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This sacrifices speed of DOM selection by about double ... jsperf.com/jquery-selector-data-attr-vs-class/5 ... see my answer for a solution to does not make this sacrifice... stackoverflow.com/a/6820621/555384 –  jondavidjohn Apr 19 '12 at 19:33
    
If dom selection is a bottleneck, then yeah, I would use classes. –  Joe Van Dyk Apr 19 '12 at 23:14
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This may not be a popular answer, but... testing, testing, testing. JQuery and Javascript in general are typically tightly coupled, and for good reason; they're code running in the browser, and so you want to keep the performance relatively snappy. So injecting an indirection layer that allows for looser coupling can decrease performance; as well, it can be a bit of overkill, since there's typically a close pairing between the JQuery / Javascript code that's written and the pages they're written for; this is as much an artifact of the historical development of Javascript, but that's the way that it is. As such, the tight coupling is pretty "normal".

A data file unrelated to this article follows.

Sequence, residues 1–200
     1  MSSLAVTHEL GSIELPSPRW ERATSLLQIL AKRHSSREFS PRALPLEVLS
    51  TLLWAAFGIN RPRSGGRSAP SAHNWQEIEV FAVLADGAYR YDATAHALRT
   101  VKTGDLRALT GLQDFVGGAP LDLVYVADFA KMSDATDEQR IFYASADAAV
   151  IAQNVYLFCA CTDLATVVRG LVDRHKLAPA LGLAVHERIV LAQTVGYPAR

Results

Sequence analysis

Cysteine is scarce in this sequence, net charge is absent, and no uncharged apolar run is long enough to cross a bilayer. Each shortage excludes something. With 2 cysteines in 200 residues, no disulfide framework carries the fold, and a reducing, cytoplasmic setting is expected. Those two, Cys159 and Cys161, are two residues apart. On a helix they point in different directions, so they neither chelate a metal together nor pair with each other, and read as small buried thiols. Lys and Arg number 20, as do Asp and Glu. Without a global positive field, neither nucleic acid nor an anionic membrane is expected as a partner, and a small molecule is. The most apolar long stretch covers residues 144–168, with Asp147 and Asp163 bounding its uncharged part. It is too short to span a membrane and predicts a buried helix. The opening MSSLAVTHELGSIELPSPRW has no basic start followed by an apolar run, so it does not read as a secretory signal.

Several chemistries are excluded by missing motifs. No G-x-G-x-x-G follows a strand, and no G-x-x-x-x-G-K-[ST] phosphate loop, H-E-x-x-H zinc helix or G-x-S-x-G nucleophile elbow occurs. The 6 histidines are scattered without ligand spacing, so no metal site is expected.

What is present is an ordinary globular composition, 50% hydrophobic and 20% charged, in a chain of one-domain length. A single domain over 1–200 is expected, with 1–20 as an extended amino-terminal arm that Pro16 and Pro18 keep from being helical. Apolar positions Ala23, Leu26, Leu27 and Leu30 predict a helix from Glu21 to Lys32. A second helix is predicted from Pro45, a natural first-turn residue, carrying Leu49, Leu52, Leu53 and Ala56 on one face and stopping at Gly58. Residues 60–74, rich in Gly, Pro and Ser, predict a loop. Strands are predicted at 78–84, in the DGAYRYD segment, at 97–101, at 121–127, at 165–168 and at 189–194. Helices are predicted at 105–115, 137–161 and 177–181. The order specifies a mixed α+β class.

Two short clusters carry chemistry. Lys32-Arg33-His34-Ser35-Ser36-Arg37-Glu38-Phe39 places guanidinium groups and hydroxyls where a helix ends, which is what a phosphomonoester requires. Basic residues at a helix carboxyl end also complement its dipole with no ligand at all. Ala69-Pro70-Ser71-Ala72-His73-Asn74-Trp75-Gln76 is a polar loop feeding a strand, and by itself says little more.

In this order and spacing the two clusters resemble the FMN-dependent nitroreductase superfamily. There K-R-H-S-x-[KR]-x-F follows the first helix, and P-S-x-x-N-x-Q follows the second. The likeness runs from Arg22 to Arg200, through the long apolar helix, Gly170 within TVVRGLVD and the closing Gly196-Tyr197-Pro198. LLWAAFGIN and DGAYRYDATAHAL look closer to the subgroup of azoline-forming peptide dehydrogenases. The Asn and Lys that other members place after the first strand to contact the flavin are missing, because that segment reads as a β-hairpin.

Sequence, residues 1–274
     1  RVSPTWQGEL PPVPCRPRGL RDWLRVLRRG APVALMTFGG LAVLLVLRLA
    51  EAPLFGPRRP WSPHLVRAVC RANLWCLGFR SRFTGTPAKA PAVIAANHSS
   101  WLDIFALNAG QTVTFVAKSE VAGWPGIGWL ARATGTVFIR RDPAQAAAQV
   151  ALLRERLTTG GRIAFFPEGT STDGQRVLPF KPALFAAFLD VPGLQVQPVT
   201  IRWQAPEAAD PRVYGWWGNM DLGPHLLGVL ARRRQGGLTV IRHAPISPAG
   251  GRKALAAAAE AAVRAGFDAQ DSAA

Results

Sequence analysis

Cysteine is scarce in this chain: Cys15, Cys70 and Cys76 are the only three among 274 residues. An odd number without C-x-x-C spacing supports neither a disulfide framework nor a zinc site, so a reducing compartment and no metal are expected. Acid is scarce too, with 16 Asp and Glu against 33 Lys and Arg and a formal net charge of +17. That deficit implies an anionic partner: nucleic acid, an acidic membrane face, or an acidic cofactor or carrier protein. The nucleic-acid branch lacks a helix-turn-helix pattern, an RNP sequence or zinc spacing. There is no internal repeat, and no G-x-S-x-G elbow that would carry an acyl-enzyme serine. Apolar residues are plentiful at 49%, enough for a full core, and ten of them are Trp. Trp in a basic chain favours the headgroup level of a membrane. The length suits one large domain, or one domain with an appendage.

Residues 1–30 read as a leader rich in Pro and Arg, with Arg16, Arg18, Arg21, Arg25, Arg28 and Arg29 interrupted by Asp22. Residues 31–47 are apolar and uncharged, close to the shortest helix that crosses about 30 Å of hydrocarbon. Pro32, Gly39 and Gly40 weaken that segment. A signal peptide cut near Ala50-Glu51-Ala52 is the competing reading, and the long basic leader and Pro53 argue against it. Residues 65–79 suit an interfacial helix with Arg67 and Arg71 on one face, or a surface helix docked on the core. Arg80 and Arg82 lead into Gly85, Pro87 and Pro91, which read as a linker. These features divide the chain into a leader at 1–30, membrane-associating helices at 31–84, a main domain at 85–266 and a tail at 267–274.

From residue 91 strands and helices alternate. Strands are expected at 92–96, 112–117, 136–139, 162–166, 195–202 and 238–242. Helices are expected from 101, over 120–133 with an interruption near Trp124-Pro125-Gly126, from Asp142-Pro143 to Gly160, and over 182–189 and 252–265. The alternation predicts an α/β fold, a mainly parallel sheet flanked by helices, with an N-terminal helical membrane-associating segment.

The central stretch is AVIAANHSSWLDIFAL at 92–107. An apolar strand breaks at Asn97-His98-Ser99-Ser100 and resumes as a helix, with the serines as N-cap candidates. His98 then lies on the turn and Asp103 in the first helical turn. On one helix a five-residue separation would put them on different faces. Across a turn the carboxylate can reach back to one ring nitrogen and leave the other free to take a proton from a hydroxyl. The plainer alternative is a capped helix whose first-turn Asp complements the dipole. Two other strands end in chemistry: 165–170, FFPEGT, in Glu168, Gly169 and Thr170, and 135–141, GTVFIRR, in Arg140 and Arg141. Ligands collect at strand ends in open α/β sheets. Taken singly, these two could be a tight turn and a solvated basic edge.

The way to deal with this tight coupling, like any tight coupling, is to make sure that you've got good testing in place to cover any coupling failures. Testing can provide assurance that the coupling is proper, and it's really the best way to assure the functionality you expect anyway.

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One option is to use a Javascript framework, like Backbone. It gives you the concept of views which help decouple your Javascript from the DOM structure. For example, you can create the Comment view, which you assign to the following div: